Former SNP leader Alex Salmond has said Humza Yousaf has “days to save his First Ministership” following the Rutherglen and Hamilton West by-election defeat.
The SNP came a distant second to Scottish Labour, in a result Sir Keir Starmer has described as “seismic”.
Despite being the two front-runners for the entirety of the race, the SNP’s Katy Loudon lost with a more than 20% swing to Labour’s Michael Shanks.
Speaking to the PA news agency, Alba Party leader Mr Salmond – who has been an open critic of the SNP since he jumped ship ahead of the 2021 election – sought to heap pressure on the man he appointed as a minister for the first time.
“(The result) is something that the SNP have been asking for,” he said.
“I see that Humza says it’s disappointing, well I don’t think that quite gets the enormity of what he’s facing.
“In my view, Humza’s got days to save his First Ministership.”
While he said Mr Yousaf “inherited an appalling legacy” from Nicola Sturgeon, Mr Salmond claimed the First Minister is “making things much worse” and has “fallen on his face in spectacular fashion”.
Speaking to the PA news agency later, Mr Yousaf said: “We’re not thinking about standing on anything other than the SNP’s message.
“We will reflect, we’ll reorganise, we’ll regroup as a political party.
“We are the biggest key player in the independence movement, I think that’s without any shadow of a doubt from anybody.
“We do that, of course, within the Scottish Government with a co-operation agreement with the Green Party.”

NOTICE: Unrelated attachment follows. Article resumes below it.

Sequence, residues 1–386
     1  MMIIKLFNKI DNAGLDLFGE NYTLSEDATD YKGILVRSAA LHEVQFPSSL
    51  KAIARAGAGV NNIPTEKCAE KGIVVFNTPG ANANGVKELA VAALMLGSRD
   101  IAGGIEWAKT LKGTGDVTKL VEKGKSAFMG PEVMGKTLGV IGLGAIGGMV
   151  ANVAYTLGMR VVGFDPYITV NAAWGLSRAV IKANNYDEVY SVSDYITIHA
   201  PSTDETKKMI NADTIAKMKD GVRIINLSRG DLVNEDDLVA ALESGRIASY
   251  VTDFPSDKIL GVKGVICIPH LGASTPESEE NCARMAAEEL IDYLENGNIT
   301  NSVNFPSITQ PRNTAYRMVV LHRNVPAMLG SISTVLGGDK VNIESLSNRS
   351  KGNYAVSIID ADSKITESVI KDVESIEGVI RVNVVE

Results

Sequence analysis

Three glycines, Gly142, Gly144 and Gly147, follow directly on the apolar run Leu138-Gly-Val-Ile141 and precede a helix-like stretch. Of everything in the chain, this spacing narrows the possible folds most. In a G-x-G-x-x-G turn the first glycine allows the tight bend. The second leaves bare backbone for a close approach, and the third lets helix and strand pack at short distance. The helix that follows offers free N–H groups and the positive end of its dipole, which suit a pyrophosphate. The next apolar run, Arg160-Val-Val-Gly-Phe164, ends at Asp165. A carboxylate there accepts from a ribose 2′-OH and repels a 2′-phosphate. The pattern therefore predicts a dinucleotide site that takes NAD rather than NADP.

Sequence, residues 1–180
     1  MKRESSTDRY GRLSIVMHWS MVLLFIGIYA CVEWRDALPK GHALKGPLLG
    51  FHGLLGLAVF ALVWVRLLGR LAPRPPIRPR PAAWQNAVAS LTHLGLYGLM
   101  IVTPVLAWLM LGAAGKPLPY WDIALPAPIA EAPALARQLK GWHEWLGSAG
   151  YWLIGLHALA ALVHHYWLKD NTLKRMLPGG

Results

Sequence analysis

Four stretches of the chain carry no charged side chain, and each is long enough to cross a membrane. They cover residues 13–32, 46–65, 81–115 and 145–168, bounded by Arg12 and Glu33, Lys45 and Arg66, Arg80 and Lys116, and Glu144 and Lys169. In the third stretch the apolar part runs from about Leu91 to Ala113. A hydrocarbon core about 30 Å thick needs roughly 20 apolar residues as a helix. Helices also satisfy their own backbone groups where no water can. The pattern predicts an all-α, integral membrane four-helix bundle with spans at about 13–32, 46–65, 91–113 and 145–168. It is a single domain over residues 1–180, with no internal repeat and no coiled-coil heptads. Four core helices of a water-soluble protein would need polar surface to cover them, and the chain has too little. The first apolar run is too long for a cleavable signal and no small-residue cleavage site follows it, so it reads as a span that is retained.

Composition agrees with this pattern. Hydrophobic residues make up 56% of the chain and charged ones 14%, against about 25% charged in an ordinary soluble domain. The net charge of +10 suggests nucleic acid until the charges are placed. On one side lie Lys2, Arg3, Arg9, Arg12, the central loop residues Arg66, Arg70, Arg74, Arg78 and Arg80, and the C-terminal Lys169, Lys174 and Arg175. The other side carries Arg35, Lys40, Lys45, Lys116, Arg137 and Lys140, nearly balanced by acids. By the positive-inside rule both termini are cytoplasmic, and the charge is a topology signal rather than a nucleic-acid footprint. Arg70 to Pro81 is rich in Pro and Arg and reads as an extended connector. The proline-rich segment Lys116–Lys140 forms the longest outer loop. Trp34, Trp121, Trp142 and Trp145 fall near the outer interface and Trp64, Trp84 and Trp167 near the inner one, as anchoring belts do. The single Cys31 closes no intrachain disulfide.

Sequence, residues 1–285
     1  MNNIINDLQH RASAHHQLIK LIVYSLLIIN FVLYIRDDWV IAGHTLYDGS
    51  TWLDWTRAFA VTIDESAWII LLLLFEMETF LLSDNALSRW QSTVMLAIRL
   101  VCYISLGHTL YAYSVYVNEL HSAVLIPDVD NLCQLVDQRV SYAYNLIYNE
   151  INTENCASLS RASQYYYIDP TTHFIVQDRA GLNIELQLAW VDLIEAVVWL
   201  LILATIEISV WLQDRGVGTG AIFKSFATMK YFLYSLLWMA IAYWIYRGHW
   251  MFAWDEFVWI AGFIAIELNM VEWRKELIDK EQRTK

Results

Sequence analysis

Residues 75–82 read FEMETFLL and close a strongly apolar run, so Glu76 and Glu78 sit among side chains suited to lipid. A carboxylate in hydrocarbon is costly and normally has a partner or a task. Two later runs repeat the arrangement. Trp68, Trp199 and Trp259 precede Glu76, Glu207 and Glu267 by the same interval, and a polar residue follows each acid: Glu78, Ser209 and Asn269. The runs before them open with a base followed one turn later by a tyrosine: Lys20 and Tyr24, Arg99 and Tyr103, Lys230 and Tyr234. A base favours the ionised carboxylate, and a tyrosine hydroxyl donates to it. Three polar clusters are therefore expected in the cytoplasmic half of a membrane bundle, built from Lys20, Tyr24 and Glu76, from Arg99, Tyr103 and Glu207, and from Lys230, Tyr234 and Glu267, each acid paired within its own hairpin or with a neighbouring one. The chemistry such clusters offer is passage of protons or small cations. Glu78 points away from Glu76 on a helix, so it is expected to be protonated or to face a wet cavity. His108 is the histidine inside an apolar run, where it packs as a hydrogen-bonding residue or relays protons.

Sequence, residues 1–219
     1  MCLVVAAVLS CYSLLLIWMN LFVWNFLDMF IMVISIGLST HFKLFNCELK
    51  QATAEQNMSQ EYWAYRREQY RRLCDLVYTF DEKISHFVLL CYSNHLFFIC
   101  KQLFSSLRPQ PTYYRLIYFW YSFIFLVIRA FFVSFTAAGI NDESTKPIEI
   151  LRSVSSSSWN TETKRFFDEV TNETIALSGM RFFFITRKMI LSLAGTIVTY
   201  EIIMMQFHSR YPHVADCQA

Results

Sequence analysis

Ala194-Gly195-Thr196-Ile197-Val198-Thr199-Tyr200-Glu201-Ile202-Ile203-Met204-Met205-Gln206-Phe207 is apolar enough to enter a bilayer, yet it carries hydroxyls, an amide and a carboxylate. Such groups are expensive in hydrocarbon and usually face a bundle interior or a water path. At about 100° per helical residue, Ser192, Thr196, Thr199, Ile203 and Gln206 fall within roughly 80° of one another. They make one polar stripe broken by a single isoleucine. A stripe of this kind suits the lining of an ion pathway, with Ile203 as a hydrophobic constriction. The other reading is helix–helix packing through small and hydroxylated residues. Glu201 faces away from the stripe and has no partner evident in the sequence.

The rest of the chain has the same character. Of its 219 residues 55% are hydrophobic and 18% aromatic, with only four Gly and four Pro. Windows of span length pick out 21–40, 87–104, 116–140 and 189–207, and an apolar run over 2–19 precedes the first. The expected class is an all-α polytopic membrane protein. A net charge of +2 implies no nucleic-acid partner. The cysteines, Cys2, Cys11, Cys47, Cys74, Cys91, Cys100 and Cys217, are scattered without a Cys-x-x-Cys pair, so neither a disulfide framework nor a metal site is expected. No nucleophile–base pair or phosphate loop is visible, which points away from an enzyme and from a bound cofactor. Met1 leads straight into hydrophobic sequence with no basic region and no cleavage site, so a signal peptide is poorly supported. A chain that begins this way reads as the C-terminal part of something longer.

Mr Salmond has been outspoken about his support for Margaret Ferrier, whose ousting paved the way for the by-election, accusing the SNP of “hanging her out to dry”.
Ms Ferrier was found to have broken Covid regulations by travelling from London to Glasgow and around her constituency after testing positive for the virus in 2020.
She was immediately stripped of the SNP whip and kicked out of the party, but sat as an independent until a recall petition over the summer sealed her fate.
Mr Salmond’s party did not stand in the election, instead calling for all independence-supporting parties to strike a deal and coalesce behind a single candidate – which would then be repeated across the country in the next general election.
He claimed a “Scotland united” deal, as his party has called it, would have seen independence supporters turn out in higher numbers to back the SNP, meaning Labour would not have won the majority of votes in the by-election.